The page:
Surrounded by loved ones, you stand under this chuppah, a symbol of the new home you are creating by your union.
May your home be a shelter against the storms, a haven of peace, a stronghold of faith in one another.
Planning for a wedding can be a precious shared experience in the life of a couple, an opportunity to deepen your knowledge of yourself and your partner and to continue to plant the seeds for a loving, committed future together.
Secular Jews often want to include traditional Jewish wedding rituals in their ceremony. Rituals such as signing the ketubah, marrying under the chupah, the wine blessings and the Seven Blessings, and breaking the glass at the end of the wedding can all be interpreted non-theistically and woven beautifully into your ceremony.
Your ceremony may include personal stories, readings, music and song. It can be grounded in tradition or uniquely brand new. Above all else, it is your wedding, an expression of the values and traditions that are most important to you.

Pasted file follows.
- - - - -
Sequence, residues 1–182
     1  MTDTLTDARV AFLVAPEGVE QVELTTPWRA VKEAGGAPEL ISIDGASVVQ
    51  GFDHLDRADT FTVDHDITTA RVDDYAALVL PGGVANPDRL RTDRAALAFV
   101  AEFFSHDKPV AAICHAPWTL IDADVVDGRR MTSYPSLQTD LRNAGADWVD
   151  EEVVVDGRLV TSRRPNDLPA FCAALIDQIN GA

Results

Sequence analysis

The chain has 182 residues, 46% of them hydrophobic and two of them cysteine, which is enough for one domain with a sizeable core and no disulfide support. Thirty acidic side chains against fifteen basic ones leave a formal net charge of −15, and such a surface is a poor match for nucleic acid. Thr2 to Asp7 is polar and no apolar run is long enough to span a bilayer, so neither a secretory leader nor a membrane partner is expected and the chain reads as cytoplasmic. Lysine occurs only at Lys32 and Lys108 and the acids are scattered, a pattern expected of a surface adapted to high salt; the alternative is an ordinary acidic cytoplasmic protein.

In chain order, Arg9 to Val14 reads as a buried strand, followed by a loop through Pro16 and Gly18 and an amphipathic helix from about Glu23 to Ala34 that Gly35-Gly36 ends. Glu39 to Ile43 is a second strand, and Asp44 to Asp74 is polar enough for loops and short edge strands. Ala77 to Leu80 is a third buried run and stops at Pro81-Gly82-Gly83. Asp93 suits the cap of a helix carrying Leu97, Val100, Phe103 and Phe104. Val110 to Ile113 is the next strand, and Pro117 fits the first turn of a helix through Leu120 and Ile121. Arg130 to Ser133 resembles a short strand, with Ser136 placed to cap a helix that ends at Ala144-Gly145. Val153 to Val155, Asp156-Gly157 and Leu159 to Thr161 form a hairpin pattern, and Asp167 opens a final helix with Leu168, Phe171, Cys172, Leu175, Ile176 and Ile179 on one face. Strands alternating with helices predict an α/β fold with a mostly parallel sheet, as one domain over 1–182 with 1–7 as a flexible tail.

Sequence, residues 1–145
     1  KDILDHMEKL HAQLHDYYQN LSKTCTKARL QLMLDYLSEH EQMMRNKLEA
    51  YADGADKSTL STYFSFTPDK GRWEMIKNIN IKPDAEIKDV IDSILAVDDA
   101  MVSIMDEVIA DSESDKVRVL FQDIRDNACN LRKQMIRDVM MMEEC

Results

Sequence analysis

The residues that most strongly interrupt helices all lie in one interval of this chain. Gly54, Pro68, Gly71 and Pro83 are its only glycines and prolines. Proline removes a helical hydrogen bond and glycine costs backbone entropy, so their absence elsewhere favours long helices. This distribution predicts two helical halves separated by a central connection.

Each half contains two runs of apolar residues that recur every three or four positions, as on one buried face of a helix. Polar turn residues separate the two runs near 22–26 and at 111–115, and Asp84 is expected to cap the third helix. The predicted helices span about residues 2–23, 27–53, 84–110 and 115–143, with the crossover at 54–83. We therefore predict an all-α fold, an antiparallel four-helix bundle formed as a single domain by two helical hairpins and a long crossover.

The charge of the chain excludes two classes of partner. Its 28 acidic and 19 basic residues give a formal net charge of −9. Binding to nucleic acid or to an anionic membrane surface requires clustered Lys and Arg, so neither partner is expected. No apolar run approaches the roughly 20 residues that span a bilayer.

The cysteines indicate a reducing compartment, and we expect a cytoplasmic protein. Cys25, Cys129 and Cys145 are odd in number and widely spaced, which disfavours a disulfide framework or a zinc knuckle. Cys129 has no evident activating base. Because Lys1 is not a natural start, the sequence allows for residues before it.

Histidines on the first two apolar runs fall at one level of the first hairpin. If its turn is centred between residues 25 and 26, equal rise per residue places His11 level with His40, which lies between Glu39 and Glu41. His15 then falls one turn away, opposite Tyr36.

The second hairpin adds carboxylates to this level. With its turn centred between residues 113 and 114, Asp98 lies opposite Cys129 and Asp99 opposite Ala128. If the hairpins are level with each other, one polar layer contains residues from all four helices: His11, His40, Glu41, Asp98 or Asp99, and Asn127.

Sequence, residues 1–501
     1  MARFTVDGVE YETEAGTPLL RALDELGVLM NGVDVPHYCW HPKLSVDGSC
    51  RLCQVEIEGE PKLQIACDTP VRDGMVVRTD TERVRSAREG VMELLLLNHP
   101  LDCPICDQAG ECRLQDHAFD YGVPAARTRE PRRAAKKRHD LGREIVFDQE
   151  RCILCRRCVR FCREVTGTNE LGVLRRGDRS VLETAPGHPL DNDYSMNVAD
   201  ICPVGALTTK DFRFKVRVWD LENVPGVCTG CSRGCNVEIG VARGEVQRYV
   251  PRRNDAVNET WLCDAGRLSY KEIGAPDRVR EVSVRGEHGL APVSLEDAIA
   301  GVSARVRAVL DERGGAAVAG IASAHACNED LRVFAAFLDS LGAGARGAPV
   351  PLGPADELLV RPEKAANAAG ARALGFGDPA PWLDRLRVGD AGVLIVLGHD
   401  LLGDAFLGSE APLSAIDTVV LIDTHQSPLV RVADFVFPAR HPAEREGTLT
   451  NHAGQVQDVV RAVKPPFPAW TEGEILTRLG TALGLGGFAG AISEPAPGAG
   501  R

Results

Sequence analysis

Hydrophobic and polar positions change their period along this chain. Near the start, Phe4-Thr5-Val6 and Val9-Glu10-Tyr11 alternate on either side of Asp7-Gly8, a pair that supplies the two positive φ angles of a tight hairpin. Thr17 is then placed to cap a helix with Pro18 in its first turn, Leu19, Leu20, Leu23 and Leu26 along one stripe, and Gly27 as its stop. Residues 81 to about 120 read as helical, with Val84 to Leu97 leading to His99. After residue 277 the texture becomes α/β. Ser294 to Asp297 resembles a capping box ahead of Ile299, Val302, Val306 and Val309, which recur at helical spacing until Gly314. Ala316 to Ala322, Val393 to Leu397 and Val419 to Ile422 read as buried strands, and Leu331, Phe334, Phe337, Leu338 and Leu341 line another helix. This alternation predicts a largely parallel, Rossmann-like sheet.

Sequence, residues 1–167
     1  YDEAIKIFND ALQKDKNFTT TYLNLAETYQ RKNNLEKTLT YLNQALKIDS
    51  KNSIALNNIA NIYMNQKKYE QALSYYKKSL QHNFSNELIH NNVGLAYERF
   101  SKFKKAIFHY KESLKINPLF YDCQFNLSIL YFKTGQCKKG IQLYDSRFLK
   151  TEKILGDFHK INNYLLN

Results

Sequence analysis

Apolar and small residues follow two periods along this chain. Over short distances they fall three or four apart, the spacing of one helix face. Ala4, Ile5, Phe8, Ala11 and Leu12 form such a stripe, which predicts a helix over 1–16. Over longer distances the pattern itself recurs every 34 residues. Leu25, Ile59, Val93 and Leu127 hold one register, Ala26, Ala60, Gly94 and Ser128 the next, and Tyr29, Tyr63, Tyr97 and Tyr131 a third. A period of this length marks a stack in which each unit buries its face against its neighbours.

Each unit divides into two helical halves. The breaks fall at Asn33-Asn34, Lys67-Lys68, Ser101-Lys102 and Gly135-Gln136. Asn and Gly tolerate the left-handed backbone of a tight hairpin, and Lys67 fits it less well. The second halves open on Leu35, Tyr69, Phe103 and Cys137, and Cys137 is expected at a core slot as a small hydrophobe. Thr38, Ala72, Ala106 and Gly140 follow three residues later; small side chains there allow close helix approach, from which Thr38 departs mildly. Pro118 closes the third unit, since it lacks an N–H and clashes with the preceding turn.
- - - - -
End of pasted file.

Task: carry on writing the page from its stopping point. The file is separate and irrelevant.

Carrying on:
I am happy to officiate mixed-cultural weddings, the union of Jewish and non-Jewish partners. These weddings can be especially evocative, weaving together the rituals and traditions of each individual’s culture. For some intercultural weddings, I have co-led with secular and traditionally religious clergy from a variety of traditions.
I marry heterosexual and same-sex partners. I wholly support marriage equality and am overjoyed that I can now legally marry same-sex partners in Washington State. I am happy also to officiate at heterosexual and same-sex commitment ceremonies for those who prefer or who cannot yet marry legally.